Performance related pay works in certain environments. Especially in places where targets are clear and there is little room for grey areas. I have my kids on PrP of a kind – they receive a base weekly pocket money and their upper level is set based upon the number and quality of the household chores they undertake. It’s a mercenary business, but they learn responsibility and I get the Sunday dinner vegetables peeled for a combined total of 50p (bargain). Targets are clear and they have a financial goal to be working towards (I’m sure a pair of Heelys is well worth 20 minutes a week of peeling veg!). But if they opt not to take on a task, or only opt for the higher paid rewards, no one is deeply affected. Individuals won’t suffer.

If on the other hand, you make teacher salaries linked directly to the results that their students achieve, a fundamental change happens in the profession of education. It’s no longer about encouraging every child to do their best, even if that best might be a D. It’s now about getting everyone through that exam factory and meeting the targets. And how do you best do that? Well, you cream the top performers and leave the ones who really need the education system to work with them to someone else. It’s a scenario played out across the country in many independent schools who’s results are directly linked to their future intake and as such their financial stability. If your child is likely to affect the stats, ‘the suitability conversation’ isn’t far behind.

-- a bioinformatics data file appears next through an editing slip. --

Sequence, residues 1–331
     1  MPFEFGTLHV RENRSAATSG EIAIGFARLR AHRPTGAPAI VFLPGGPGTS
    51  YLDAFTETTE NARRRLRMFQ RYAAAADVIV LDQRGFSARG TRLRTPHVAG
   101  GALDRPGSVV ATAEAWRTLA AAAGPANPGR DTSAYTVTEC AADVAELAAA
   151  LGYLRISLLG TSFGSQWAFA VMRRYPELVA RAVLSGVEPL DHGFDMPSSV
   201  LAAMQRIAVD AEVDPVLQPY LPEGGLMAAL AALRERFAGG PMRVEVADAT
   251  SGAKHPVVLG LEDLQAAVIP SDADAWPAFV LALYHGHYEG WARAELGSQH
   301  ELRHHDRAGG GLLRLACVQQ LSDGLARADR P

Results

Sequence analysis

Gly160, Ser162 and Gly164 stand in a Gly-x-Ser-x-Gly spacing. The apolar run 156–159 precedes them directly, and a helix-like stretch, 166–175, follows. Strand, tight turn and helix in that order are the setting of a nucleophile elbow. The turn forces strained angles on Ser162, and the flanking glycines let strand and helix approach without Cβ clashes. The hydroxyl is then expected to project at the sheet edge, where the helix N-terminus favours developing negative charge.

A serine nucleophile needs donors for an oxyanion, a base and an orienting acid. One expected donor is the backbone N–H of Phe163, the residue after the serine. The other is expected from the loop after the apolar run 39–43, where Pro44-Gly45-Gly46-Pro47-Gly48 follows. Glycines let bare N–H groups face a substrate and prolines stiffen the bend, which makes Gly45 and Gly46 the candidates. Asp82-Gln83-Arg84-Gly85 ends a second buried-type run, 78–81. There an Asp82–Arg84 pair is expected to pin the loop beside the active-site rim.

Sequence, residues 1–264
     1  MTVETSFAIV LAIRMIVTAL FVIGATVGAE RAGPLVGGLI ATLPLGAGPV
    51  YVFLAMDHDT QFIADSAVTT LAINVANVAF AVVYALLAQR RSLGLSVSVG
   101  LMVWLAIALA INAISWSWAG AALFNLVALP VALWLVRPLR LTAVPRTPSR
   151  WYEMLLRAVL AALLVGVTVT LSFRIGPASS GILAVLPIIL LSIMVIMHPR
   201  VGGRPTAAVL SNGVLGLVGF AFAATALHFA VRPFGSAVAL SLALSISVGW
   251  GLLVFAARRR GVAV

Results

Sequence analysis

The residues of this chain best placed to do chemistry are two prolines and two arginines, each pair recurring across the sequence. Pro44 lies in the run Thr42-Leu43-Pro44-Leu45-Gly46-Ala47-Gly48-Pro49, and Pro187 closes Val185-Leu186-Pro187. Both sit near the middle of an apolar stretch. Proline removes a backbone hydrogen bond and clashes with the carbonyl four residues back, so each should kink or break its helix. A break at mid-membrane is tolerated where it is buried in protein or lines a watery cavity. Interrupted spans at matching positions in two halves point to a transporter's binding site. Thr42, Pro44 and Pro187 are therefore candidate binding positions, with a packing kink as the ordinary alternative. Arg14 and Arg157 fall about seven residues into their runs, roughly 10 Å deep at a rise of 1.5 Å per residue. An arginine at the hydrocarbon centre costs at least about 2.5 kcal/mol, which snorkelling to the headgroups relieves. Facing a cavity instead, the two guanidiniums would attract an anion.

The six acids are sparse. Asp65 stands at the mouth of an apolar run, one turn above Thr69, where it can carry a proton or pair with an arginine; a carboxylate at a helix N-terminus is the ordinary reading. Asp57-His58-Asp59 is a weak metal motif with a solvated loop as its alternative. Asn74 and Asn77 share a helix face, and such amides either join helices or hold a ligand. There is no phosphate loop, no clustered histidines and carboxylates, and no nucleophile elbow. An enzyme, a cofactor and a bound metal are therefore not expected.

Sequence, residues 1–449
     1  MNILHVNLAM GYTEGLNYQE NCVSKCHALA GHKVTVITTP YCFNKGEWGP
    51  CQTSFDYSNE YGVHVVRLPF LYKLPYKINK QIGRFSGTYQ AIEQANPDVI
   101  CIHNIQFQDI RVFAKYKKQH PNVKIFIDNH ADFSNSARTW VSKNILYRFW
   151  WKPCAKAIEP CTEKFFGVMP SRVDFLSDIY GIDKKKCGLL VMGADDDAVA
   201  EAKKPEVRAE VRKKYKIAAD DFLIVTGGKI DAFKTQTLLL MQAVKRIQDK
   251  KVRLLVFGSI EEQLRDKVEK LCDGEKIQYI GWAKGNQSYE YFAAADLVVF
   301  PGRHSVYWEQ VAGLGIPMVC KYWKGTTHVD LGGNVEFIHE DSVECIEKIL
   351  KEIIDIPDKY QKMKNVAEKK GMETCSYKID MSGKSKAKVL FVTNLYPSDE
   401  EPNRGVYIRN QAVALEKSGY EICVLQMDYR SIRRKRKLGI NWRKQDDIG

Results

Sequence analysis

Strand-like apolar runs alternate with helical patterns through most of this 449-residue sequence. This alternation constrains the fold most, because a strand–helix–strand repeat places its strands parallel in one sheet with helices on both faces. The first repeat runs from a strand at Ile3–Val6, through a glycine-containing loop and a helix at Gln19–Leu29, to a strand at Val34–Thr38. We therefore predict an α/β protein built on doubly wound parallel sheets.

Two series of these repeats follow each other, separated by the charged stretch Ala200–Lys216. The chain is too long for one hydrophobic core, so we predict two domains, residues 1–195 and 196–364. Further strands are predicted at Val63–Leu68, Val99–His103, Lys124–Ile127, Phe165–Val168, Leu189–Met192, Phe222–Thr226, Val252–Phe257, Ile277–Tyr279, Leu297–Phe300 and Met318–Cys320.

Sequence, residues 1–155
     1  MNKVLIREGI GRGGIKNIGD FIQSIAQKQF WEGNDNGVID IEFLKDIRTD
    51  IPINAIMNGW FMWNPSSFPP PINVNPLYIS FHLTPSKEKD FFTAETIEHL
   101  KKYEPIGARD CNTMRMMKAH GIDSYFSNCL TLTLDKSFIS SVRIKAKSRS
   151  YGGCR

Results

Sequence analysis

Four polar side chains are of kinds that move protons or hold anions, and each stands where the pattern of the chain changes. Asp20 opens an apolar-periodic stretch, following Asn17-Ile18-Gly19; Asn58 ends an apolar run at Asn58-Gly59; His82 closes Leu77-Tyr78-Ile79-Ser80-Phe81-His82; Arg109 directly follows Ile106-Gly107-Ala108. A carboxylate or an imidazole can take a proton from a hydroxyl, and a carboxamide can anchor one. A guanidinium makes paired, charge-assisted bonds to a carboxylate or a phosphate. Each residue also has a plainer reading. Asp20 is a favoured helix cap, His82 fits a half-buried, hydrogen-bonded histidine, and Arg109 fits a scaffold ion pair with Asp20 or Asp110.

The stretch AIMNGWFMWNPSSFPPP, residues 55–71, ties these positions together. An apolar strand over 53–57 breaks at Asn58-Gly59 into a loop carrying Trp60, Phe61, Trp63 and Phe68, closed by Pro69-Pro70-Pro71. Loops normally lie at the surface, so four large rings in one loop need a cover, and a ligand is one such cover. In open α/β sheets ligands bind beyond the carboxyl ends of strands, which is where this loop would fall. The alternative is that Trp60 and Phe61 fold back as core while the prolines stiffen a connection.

This worries me on several levels.

Firstly, industry leaders and higher education institutions are looking to stop this exam factory scenario and teach more of the ‘soft skills’ that Gove wants to ditch. The more academic and cerebral he insists the qualifications become, the less employable these kids become. Academia post school is a wonderful place for some, but it is not suited for everyone and teaching kids to be self sufficient learners with good self esteem is not a waste of time as Gove suggested in one particular speech.